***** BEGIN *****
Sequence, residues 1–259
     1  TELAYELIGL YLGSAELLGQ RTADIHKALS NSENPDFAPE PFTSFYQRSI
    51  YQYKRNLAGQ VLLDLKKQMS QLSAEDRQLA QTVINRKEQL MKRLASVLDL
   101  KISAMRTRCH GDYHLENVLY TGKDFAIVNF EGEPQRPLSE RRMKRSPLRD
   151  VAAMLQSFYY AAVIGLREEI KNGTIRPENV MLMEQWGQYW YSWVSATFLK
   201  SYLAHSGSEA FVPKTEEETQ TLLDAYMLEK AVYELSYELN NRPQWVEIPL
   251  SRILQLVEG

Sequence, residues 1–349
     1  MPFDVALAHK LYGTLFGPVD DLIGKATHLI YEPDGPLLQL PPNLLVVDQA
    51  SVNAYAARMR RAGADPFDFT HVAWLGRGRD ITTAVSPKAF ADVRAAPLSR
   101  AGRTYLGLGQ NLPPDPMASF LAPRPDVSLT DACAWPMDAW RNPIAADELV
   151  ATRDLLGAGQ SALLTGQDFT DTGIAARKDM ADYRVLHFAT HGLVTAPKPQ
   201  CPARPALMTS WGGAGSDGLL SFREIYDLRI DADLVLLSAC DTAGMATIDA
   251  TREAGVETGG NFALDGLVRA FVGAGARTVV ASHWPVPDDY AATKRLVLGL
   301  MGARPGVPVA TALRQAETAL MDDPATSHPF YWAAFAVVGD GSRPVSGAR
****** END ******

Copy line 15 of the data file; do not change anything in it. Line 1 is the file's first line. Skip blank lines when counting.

   301  MGARPGVPVA TALRQAETAL MDDPATSHPF YWAAFAVVGD GSRPVSGAR